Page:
Other initial impressions – compact and rugged construction. Aesthetically pleasing design with rounded corners, the pack is hand size and about an inch thick. However, I suspect some would say it is form over function and rather dull looking. It came with a bag and USB cable. The digital display showing what % of power is left is so much better that other power banks which indicate power level left through the number of flashing blue lights. You know precisely what power you have left. The accompanying data sheet says the iMuto will charge an iPad mini 2 times, or a galaxy S8 4 times and apparently a MacBook 1 time. My phone charge, if I use Navionics charts on it will last around 7 hrs. It is an old phone! So theoretically I should get several days sailing charges from this power bank.

One of the other reasons I bought it was the fact that it has a ‘smart’ protection system that will identify the charging requirements of the device it is plugged into and then intelligently adapt the level of current supplied to a safe and speedy level. So, no over-charging, over voltage or short circuiting!

The charging input is 5v/2.1A micro USB connection. It came with 85% charge and the booklet says it will take 10 hrs to charge and you can do it off a laptop or normal compatible wall phone charger.  The two out-ports are rated at 2.1A and 1A.

How durable it is only time will tell. It feels solid and well-constructed.

Negatives as such – well only one I can initially spot and that is it is a slightly heavier beastie that I expected – around 460 gms – so a tad bulky. It is certainly thick – around an inch. However, given I do little trekking nowadays where weight would be an issue – I’m OK with this. But don’t expect this to slip in the back pocket of your jeans.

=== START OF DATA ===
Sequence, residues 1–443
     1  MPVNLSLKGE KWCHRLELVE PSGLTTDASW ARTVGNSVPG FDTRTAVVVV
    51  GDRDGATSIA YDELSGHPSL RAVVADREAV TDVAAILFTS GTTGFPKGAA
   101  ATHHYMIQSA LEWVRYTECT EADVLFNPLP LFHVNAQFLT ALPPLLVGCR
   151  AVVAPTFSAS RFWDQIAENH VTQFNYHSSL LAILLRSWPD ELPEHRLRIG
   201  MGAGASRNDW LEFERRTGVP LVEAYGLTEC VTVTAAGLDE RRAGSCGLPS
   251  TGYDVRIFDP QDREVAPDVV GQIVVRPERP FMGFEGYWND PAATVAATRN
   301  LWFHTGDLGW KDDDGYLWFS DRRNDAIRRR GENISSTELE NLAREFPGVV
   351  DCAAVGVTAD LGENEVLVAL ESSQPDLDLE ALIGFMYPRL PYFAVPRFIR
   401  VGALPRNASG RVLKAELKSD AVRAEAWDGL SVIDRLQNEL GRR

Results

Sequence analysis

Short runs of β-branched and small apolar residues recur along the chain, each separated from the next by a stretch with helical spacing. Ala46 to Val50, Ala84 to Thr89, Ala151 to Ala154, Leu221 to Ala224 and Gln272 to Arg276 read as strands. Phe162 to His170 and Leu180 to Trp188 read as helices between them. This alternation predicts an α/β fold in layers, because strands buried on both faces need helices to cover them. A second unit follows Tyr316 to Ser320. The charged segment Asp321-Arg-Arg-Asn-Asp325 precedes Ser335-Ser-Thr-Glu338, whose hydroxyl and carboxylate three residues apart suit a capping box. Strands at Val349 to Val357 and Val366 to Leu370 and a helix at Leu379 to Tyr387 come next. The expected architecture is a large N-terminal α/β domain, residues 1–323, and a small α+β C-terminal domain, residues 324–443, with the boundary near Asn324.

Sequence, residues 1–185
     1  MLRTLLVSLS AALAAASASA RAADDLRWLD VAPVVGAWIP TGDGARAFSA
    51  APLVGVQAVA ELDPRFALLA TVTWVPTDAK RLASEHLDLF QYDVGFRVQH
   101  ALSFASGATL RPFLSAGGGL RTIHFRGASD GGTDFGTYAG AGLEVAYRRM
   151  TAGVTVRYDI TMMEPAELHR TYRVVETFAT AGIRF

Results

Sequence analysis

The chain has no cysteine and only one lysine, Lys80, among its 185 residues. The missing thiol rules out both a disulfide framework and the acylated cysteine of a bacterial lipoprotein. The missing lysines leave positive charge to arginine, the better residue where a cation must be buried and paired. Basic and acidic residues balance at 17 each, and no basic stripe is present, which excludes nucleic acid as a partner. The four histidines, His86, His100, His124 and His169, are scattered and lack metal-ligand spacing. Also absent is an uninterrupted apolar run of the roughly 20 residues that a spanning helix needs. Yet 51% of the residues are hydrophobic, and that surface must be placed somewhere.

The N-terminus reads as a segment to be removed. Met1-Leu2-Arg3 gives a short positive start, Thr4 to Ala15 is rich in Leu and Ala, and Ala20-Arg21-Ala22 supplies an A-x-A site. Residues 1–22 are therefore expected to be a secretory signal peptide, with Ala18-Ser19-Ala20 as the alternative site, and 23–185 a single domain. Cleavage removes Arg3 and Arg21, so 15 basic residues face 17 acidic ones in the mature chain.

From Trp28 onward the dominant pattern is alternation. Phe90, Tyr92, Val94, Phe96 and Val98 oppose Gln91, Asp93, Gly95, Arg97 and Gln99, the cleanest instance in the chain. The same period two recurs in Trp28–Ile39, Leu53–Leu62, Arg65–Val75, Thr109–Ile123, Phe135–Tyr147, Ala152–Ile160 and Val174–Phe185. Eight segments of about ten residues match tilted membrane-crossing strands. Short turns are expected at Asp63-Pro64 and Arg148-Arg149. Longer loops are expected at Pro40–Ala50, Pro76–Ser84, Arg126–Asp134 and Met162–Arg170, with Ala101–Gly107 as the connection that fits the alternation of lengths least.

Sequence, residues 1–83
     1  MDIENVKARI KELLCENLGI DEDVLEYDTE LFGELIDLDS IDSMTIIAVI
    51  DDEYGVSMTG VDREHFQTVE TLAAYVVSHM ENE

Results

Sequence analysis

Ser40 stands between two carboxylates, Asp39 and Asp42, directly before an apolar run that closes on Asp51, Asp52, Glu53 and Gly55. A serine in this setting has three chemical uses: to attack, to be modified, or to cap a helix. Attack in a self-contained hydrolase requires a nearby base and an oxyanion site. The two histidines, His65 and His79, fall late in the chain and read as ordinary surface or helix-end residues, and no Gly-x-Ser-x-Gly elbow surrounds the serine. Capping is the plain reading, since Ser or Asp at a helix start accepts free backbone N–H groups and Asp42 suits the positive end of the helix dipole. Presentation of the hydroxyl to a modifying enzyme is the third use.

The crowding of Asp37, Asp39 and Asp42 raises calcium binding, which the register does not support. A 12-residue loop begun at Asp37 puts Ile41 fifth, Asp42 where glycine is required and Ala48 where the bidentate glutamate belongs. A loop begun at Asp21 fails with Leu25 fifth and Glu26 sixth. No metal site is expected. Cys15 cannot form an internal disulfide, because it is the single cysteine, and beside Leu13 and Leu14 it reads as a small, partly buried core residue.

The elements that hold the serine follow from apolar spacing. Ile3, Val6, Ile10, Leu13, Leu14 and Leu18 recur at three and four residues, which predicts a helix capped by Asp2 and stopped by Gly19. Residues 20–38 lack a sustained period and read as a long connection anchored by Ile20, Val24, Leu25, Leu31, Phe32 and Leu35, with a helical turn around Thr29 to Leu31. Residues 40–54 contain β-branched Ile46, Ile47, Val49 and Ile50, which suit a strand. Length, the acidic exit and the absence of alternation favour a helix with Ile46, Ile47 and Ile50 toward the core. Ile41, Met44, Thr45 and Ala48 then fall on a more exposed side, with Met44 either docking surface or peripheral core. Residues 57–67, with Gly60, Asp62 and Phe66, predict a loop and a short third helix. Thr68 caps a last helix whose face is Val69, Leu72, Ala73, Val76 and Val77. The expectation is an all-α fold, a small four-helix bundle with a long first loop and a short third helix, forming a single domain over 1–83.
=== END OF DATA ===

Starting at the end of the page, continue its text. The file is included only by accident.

Oh, and one more thing – it comes with a little inbuilt LED torch. Useful in a tent or under the tarp on Arwen.  I will update this post after a few months of testing it.

Thursday 13 June 2019

Making wooden oars for a dinghy 5

It continues. Oar one has been rough shaped and just needs some finishing with spoke shave. Oar two is being cut out of its blank. No machines have been used or harmed in the making of these oars. The Japanese pullsaw, spoke shave and Stanley block plane are holding up well.  I have been enjoying myself taking this slow approach to oar making.

I still have to track down leather for the loom protectors. I will be fibre glassing blade tips. The blades will be painted as will the counterweights at the inner ends. The looms will be varnished.

Following the plans......................

Tracing around the self made  patterns

hand cutting the blanks

saving the sawdust - I have no idea why though - some deep psychosis here 

Oar one almost complete 

Just needs some final spoke shave work 


Monday 10 June 2019

The wonderful NHS - it is worth fighting for